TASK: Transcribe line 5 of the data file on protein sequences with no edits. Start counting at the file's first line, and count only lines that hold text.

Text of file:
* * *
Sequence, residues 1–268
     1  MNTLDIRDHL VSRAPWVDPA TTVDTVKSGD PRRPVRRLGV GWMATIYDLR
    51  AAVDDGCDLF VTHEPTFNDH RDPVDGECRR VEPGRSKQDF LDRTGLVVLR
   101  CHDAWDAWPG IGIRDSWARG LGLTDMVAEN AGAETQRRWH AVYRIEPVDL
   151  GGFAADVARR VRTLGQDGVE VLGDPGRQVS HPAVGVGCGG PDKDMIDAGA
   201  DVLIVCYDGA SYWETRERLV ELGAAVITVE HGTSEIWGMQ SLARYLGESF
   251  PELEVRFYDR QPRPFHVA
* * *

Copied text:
   151  GGFAADVARR VRTLGQDGVE VLGDPGRQVS HPAVGVGCGG PDKDMIDAGA